Before the pandemic, you’d find me constantly preaching to Americans about traveling internationally. My advice was to go to at least one new country a year because as corny as it may sound, I truly believe that the more people travel internationally, the less prejudices there would be in this country and around the world.
However, when the pandemic hit, I took the advice of medical experts seriously and didn’t step on a plane for almost 14 months. That’s something for someone who’s used to flying every few days and at one point, traveling to 20+ countries a year.
Although I’ve flown multiple times in the past six months, I still haven’t crossed any borders. Not even to Canada, which is where my wife is from (Toronto), a place we would typically visit at least four times a year.
So, why haven’t I traveled internationally? There are several reasons:
1. COVID-19 hasn’t gone away and though the U.S. is faring better than most countries right now, there’s still a risk. Besides, we live in Los Angeles and California is no doubt the best state around for road trips. We can be in the desert, mountains, islands (Catalina), vineyards and picturesque beaches that feel like a world away, all within a couple of hours. There’s no shortage of places to go or things to do.
2. I have two unvaccinated little kids. My son is 5 and my daughter is 2 and we’ve been playing it safe since no one knows what the long term COVID affects are on kids. We finally decided to do a family trip and sure enough, the whole family got sick. Thankfully, it wasn’t Covid but our two-year-old ended up with pneumonia, which was pretty scary. I can’t even imagine if it had been Covid.
3. If you’re thinking, “Then why don’t you travel internationally and leave the family at home?”, well, that’s my other main reason and an often overlooked reason for many travelers. If you travel internationally and test positive for COVID before re-entering, you can’t board the plane. Since early 2021, every traveler who enters the U.S. from abroad, regardless of citizenship or vaccination status, has to show proof of a negative COVID test within the last three days.
According to the CDC, infections happen in only a small proportion of people who are fully vaccinated, even with the Delta variant. But I’ve still read countless horror stories about Americans who have either had their vacations ruined or couldn’t return to their families or work because their Covid test came back positive while they were out of the country.
Some are false positives but regardless, you’d have to immediately quarantine and then retest, most likely missing your flight and if you are indeed positive, it could take a couple of weeks to test negative.
I can’t, and definitely don’t want to, take that amount of time away from my kids. This is the best time of our lives as they’re growing up right in front of my very eyes. Also, there’s not a lot of work abroad for me at the moment, so there’s less incentive for me to travel internationally right now.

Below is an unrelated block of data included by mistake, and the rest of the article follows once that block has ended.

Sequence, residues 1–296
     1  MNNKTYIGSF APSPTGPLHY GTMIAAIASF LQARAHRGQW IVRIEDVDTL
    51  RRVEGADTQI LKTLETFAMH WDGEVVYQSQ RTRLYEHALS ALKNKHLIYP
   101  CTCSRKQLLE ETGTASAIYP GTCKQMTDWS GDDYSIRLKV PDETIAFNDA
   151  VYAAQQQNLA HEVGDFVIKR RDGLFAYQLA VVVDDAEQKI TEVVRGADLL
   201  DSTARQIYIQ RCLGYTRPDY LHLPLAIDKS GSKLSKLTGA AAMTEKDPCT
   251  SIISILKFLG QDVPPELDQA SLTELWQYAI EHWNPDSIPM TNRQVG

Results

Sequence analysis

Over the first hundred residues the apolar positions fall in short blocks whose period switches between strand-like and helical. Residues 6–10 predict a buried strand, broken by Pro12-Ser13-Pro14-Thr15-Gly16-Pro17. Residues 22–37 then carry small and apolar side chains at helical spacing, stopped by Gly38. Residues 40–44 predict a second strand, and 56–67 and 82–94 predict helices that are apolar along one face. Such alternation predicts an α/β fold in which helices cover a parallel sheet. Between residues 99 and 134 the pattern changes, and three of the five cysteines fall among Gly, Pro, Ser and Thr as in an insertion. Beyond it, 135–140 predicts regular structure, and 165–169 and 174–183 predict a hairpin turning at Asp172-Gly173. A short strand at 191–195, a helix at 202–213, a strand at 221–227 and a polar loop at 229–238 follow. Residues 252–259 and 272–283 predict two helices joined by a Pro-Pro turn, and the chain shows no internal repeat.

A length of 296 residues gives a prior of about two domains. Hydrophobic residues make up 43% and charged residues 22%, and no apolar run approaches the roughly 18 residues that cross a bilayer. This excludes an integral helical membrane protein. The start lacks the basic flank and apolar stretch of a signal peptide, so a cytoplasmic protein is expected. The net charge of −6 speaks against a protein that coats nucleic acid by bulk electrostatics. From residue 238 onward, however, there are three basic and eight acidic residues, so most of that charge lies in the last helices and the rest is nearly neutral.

Not only do I not want to risk missing my kids but who’s going to pay for the quarantine? According to this Washington Post story, “travel agents are advising people to plan for a positive test before they depart by purchasing third-party travel insurance that can cover the costs associated with 14 days in quarantine and/or additional testing.”
I always travel with travel insurance as I have a yearly plan (full disclosure: I was an Allianz Travel Insurance brand ambassador for years before the pandemic and still do some sponsored work with them). Regardless of which travel insurance company you choose, you must read the fine print carefully and make sure anything related to COVID is covered.
Something else to consider, as stated in the same Washington Post article: “The State Department has also said it will not be offering medical assistance to Americans who test positive or require a coronavirus test abroad because of the department’s “limited medical resources” outside the country. That means that Americans who become sick or stranded outside of the United States should not rely on a nearby U.S. Embassy to assist them.”
Being unexpectedly stuck abroad for two weeks isn’t just an extended vacation. Having to quarantine will come with challenges on the ground abroad, you may miss important meetings or appointments back home, it may be expensive and you may not have everything you need (i.e. medications) to last you an additional two weeks. These are all serious things to take into consideration.
This article is not meant to scare anyone but rather to make sure you understand the risks and if you do travel, to help you be prepared. I know traveling internationally can be done safely. I have many friends and colleagues who have bounced around the world in the past six months and none of them have tested positive. Granted, they’re fully vaccinated, wear N95 or KN95 masks and don’t go to crowded indoor places (especially bars). But if you have little kids at home, an in-person job stateside or other obligations, you have to ask yourself, is it worth the risk?
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